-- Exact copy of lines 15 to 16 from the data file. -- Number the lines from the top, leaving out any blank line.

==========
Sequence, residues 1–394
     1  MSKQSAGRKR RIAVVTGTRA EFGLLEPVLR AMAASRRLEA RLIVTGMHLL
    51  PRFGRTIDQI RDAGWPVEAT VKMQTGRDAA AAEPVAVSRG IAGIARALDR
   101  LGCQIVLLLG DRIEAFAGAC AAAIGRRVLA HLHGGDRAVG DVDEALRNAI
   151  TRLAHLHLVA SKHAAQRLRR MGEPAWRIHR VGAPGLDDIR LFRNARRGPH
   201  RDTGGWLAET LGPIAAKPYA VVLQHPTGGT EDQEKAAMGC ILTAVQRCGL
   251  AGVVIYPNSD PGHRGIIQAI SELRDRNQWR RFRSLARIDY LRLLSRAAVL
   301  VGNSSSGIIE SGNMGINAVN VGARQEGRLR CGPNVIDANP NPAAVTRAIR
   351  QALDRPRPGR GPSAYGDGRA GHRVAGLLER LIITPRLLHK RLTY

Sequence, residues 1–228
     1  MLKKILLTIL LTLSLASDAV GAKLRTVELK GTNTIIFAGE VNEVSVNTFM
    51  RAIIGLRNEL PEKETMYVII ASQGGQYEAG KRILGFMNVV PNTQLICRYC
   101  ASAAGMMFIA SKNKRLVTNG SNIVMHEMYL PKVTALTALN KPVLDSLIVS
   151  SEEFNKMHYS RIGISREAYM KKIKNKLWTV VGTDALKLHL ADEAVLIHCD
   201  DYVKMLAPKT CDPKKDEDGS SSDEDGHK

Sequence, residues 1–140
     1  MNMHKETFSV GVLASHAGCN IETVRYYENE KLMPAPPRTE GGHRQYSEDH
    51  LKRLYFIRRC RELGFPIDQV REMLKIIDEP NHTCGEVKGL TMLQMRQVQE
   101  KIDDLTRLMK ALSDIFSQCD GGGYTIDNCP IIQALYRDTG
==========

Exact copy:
   201  DYVKMLAPKT CDPKKDEDGS SSDEDGHK

Sequence, residues 1–140